I’ve been reading paperback books since I was in Jr High … at the rate of 1 or 2 a week. At lunch or out for dinner, I always have a book in my hands. As I have already digitized my music collection to MP3s and my movie collection to MP4s, I thought it was time to get rid of the shelves and shelves and boxes and boxes of books I have … of to eBay they go. And, like Karen, I’ve been shopping eBook readers for a couple weeks now. And, again like Karen, I’ve come to the same conclusion …. there really isn’t anything out there yet for “real” people who read on the go all the time. The iPod Touch [or iPhone] is too small, the Kindle is too big and too proprietary, the new Sony killed the eInk screen, covering it with a sidelite and touch screen.

    Someone needs to come out with a real, portable eBook reader: it ought to be the size of a paperback book … 7″x5″x, say 1/2″ thick. It ought to be two 1/4″ slabs, hinged like a notebook PC and nice leather cover on the outside. Opened up, there should be two high resolution eInk displays that are 6″x4″ with at least 180dpi resolution for crisp clear 9pt type and clean graphics …. color would even be nice. Total control via a touch screen [no buttons] like the Apple iPhone that didn’t fuzz up the eInk display would be nice.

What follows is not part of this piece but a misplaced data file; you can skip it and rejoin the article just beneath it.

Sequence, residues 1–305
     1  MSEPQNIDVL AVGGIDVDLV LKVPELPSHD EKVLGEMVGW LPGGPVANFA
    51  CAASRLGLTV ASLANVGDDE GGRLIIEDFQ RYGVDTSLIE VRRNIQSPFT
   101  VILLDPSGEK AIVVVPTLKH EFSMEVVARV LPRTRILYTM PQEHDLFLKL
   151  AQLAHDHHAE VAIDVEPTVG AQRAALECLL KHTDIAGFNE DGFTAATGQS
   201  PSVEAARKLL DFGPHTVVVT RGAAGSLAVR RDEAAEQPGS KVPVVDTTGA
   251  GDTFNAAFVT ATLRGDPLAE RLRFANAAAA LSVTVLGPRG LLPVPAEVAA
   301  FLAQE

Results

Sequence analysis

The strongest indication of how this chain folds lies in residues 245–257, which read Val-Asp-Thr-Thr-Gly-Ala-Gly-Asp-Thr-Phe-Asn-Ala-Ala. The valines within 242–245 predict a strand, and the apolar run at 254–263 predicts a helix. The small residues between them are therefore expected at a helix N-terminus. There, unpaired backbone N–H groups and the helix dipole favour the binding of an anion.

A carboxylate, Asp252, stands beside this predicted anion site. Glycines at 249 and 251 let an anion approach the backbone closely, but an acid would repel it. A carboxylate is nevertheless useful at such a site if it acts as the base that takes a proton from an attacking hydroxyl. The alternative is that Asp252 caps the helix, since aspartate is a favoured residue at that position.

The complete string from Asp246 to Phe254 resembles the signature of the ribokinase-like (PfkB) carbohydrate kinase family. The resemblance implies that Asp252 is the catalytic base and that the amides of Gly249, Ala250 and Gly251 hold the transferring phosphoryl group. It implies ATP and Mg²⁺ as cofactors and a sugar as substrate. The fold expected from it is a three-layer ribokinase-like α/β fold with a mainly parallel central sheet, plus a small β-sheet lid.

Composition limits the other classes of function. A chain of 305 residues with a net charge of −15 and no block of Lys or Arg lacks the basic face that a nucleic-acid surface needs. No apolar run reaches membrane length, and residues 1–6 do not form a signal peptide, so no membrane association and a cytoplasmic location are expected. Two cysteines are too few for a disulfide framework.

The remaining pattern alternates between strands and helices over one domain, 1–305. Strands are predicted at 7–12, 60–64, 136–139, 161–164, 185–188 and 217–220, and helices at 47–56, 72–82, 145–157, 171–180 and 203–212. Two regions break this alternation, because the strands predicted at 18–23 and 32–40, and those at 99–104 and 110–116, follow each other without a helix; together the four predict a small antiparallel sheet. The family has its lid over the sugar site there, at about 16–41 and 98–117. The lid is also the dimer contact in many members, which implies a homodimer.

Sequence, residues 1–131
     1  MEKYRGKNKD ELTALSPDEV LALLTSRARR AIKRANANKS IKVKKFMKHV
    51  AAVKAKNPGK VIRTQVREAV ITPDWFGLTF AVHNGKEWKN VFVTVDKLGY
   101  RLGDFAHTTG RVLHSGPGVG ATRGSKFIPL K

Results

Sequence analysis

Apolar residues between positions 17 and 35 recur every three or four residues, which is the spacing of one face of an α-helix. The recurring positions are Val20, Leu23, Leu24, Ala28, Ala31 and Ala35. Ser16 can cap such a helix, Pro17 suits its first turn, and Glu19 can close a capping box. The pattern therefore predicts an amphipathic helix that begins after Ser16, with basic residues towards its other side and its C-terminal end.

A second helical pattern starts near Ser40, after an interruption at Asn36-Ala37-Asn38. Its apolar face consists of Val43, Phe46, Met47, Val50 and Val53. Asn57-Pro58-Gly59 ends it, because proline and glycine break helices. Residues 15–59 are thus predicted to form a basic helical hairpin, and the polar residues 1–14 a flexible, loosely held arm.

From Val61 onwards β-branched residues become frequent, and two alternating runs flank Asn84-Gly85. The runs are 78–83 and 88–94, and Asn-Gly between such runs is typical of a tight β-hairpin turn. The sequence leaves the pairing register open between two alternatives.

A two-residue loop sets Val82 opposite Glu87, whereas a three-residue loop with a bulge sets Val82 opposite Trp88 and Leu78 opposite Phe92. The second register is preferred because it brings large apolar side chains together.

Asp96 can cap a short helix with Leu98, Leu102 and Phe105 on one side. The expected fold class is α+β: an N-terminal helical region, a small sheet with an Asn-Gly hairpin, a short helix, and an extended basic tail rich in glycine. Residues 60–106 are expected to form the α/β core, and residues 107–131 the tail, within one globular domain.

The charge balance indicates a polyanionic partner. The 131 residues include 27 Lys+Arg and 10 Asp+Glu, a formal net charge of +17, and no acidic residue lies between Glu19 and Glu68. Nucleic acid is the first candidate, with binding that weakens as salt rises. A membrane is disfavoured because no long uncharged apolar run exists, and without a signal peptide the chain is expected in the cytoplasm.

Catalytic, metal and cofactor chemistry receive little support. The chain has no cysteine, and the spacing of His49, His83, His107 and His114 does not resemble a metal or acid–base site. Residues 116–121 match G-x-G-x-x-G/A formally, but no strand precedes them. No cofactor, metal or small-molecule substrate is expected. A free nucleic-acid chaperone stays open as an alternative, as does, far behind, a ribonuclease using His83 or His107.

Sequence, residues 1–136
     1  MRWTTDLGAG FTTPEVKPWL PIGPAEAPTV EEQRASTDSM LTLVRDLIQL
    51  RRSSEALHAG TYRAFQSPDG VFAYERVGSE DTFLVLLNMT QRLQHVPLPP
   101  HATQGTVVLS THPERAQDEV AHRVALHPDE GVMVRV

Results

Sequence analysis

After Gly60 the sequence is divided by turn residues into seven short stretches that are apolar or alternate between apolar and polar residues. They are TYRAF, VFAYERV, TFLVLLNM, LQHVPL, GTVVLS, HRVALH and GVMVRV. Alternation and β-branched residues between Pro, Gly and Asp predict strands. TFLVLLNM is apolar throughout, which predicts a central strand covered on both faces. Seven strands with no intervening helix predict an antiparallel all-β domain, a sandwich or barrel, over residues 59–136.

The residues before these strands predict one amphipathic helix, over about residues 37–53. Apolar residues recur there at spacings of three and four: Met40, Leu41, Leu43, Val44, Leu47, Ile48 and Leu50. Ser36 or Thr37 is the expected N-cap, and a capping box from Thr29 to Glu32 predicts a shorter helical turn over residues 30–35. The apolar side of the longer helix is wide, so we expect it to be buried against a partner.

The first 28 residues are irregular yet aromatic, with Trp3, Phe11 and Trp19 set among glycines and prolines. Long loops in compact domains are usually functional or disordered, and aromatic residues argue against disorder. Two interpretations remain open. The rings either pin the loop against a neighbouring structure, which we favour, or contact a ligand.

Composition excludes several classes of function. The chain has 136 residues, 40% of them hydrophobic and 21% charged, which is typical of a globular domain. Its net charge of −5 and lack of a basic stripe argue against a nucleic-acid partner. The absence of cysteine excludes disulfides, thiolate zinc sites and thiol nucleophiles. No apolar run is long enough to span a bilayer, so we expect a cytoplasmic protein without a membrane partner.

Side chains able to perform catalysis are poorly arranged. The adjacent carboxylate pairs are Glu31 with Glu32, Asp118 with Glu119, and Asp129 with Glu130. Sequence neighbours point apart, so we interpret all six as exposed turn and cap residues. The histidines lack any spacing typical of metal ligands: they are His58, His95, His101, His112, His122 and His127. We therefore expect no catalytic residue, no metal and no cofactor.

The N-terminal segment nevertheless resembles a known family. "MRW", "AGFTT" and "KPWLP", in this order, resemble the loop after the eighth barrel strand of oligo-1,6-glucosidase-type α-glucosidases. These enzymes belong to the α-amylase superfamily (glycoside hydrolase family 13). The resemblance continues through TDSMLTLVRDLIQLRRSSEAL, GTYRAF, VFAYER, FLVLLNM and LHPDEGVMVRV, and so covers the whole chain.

Is there anyone out there that could take this kind of design idea and run with it????

  7. 2009 April 14

    nice article

  8. 2009 July 25
    geohar permalink

    “two 1/4″ slabs, hinged like a notebook PC and nice leather cover on the outside. Opened up, there should be two high resolution eInk displays that are 6″x4″ with at least 180dpi resolution for crisp clear 9pt type and clean graphics …. color would even be nice.” ……… why would you want this? it would probably increase the cost of the reader by at least 1/3 %, and isnt needed, thats what the “turn page button” is for. I would rather spend my money on increased contrast and resolution for the display. And you can keep your touch screen, just give me strategically placed buttons so i can turn the page no matter if its in landscape or portrait mode. Im currently using a Sony PRS-505 and give it a 4.5 out of 5 stars.